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Thrust
Topic Author
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Joined: Wed Sep 17, 2003 12:17 pm

Structural Issues Of Tri-jets

Fri Jun 18, 2004 1:02 am

I read in my Boeing book that tri-jets had "structural issues." Yet they never went into specifics. Can anyone fill me in on the structural problems with tri-jets?
Fly one thing; Fly it well
 
Thrust
Topic Author
Posts: 2587
Joined: Wed Sep 17, 2003 12:17 pm

RE: Structural Issues Of Tri-jets

Fri Jun 18, 2004 1:17 am

Maybe to be a bit more specific, I read that Boeing avoided the tri-jet concept when designing the 777 because of the tri-jet's structural issues...what structural issues bothered them in particular? And what are the complexities of designing tri-jets?
Fly one thing; Fly it well
 
ArmitageShanks
Posts: 3780
Joined: Tue Dec 30, 2003 5:30 am

RE: Structural Issues Of Tri-jets

Fri Jun 18, 2004 1:23 am

Not sure, but I would guess having a big engine on a structure (vertical stabilizer) that is very stressed in-flight anyway, even without the engine.

Probably the lack of heavy duty spars or other support structures are an issue as well, when they are pretty easy to come by in the wing area where most engines are attached.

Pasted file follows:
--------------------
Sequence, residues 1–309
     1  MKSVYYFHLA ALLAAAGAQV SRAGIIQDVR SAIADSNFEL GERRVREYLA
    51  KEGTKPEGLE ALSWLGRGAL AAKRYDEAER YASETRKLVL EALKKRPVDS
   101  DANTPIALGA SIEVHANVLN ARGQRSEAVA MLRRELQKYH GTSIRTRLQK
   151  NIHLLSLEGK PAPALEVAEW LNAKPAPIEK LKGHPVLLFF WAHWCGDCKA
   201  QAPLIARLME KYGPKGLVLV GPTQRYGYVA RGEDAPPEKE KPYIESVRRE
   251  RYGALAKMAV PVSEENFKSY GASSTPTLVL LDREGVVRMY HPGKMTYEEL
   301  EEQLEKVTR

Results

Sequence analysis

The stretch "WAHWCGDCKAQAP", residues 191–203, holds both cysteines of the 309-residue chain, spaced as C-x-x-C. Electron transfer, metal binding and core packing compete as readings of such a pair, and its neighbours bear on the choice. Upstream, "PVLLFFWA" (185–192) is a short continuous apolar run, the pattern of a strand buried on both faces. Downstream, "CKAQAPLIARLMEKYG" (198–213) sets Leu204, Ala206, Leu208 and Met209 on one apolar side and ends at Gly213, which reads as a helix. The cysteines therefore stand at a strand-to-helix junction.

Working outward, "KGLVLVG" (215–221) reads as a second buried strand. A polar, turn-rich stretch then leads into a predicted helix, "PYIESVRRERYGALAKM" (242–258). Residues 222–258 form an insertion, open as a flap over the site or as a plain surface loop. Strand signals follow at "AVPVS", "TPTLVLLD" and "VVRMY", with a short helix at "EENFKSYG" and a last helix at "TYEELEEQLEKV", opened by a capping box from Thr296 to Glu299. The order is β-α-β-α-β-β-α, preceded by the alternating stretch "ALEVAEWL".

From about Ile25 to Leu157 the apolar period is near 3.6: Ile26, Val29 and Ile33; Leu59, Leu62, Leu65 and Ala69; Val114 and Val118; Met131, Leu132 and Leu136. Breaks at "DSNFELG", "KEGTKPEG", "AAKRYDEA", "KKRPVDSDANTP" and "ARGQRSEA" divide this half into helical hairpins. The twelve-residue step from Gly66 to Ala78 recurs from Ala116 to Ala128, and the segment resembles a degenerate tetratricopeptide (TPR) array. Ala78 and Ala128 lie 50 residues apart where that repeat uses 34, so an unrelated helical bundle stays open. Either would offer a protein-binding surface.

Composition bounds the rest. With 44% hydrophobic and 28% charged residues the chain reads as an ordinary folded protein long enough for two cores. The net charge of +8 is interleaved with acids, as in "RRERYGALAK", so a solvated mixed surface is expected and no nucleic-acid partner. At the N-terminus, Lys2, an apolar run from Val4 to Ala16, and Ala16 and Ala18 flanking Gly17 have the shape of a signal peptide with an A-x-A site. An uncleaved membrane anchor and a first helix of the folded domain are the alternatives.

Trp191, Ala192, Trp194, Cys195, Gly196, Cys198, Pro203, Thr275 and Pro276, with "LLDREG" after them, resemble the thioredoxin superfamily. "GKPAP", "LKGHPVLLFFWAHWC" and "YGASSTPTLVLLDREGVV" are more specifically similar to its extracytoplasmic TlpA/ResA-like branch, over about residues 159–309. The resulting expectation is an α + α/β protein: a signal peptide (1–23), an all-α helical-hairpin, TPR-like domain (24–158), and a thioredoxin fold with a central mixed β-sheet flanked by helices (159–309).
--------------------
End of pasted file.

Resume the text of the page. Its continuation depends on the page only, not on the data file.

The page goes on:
gigneil
Posts: 14133
Joined: Fri Nov 08, 2002 10:25 am

RE: Structural Issues Of Tri-jets

Fri Jun 18, 2004 3:41 am

The entire rear fuselage of a tri has to be significantly enhanced to carry a heavy engine.

Its easier to enhance the wings, and much less heavy.

N
 
Klaus
Posts: 21642
Joined: Wed Jul 11, 2001 7:41 am

RE: Structural Issues Of Tri-jets

Fri Jun 18, 2004 4:55 am

The wings carry the plane... the fuselage just "hangs" from the wings; And hanging something from the wings therefore requires much less structural strengthening than hanging something from the end of the fuselage (where it will exert intense stress especially during turbulence!).

The rear fuselage also needs to carry the thrust generated by the tail engine (which requires strengthened structures again).

In addition, you´d need fuel lines all the way back (and up!) to the tail engine (additional systems and fire protection are required!);

You´d have the risk of a severe engine failure taking out the tail fin or the rudder (and possibly damaging the horizontal stabilizer as well);

You´d have to route rudder control lines around the engine (which will require additional protection);

All this translates to heavier and more complex structures of a tri-jet compared to wing-mounted engines only.
 
miamiair
Posts: 4249
Joined: Thu Jul 15, 2004 9:42 pm

RE: Structural Issues Of Tri-jets

Fri Jul 16, 2004 8:41 pm

All structural issues are addressed, as they appear. Every airplane has its own can of worms. Engineers design and modify the structures as their service history evolves. Look at the Service Bulletins for ATA chapter 53. You'll find several dealing with fatigue inspections, modifications to certain locations, etc.

As for tail mounted engines vs. wing mounted engines...A tail mounted powerplant (727,DC-9, Caravelle) produces a clean wing. Everything in engineering is about trade-offs; just depends on what their design objectives are.
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